Ultraviolet Optical Absorption Spectra of Water Clusters: From Molecular Dimer to Nanoscaled Cage-Like Hexakaidecahedron
The lowest maximum absorption band in the ultraviolet (UV) optical absorption spectrum of a single water molecule H2O occurs at 7.4eV. Upon condensation the lowest maximum absorption band of bulk water is blueshifted by 0.8 to 1.3 eV and accompanies a long Urbach tail on its red edge. However, the two interesting spectral features are not well understood despite decades of effort and thus are still the object of ongoing controversy. Since water clusters (H2O) n and their isomers are reminiscent of transient structures that appear in liquid water and in the tetrahedral network of ice, the study of the optical excitations of water clusters may help provide some insights into the understanding of the two spectral features of bulk water. Therefore, in this work we apply the time-dependent density functional theory (TD-DFT) to investigate the optical excitations and electronic spectra of water monomer, dimer, trimer, tetramer, pentamer, hexamer, heptamer, octamer, nonamer, decamer, large prism-like clusters (H2O) n (n = 11–19, 21, 22), pentagonal dodecahedron (H2O)20, tetrakaidecahedron (H2O)24, and hexakaidecahedron (H2O)28. Our calculated vertical singlet excitation energies for water monomer are in good agreement with experiment. The red tail predicted for water dimers strongly supports recent experiments. For all other water clusters, we find that the onsets of their UV absorption spectra and thus the long Urbach tail appear below 7 eV due to the intermolecular interactions, which induce a significant broadening of the energy levels relative to the isolated molecule and lead to a decrease of the transition energies relative to the molecule levels. Contrary to this aggregation-induced broadening effect, we also find in all water clusters the universal occurrence of the lowest maximum absorption band located around 8.7 eV. In particular, the averaged UV spectrum of water hexamers reproduces well the measured absorption spectrum of hexagonal ice. Our present study of the UV absorptions of water clusters has provided for the first time a valuable insight into the still largely mysterious radiation chemistry of bulk water.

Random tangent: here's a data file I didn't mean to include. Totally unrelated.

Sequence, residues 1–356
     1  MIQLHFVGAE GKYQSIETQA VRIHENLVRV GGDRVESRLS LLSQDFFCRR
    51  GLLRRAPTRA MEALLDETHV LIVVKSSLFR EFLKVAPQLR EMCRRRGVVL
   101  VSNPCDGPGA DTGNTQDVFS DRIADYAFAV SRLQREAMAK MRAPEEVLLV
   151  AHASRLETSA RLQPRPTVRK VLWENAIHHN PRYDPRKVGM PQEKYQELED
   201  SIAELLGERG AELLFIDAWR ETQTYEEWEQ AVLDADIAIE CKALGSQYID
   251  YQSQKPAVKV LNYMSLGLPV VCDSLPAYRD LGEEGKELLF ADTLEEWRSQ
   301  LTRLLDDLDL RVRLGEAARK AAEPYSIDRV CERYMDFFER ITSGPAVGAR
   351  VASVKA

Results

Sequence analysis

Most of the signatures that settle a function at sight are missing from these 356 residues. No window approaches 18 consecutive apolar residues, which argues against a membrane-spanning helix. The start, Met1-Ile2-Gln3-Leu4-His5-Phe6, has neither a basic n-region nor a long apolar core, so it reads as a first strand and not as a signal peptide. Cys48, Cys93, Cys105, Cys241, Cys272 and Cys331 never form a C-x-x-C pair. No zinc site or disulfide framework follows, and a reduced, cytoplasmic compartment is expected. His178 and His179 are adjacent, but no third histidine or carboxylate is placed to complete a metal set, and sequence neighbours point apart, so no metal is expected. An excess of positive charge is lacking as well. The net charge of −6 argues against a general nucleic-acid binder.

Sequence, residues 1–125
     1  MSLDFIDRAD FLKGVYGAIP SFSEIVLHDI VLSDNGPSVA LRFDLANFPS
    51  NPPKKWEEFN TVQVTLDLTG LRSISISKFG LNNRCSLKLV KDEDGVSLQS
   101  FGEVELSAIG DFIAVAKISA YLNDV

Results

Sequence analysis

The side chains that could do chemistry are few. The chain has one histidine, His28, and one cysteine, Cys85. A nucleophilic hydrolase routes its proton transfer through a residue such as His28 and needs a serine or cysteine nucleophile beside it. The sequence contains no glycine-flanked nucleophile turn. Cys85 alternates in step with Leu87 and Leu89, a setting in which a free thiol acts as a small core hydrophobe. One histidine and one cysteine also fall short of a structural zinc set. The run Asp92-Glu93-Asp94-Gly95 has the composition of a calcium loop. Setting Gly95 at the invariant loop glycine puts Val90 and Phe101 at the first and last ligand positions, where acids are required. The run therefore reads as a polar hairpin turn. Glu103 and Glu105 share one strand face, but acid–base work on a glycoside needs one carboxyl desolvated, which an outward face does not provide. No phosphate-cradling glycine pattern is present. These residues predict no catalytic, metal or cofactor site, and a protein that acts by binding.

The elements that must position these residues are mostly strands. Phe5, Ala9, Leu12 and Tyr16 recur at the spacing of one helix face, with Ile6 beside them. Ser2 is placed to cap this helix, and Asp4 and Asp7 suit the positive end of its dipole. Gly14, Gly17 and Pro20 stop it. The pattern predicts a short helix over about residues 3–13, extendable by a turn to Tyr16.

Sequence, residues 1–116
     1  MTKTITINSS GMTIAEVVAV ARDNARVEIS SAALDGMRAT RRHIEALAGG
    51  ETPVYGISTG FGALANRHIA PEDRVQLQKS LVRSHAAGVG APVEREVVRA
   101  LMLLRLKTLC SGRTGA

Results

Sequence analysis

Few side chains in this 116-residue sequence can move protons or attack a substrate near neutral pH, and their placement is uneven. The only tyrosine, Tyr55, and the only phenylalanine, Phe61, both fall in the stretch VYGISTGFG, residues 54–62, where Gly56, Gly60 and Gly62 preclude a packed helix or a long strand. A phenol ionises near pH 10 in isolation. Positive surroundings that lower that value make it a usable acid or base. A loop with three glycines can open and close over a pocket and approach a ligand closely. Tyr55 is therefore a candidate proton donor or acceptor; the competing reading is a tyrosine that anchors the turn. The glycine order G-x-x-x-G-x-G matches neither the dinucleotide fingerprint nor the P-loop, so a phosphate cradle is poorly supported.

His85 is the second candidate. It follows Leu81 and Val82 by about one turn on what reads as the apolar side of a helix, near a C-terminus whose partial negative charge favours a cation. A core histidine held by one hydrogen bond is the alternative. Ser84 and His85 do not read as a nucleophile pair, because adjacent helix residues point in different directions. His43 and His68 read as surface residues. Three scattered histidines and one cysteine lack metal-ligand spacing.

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Document Type: Research Article
Publication date: 2007-05-01
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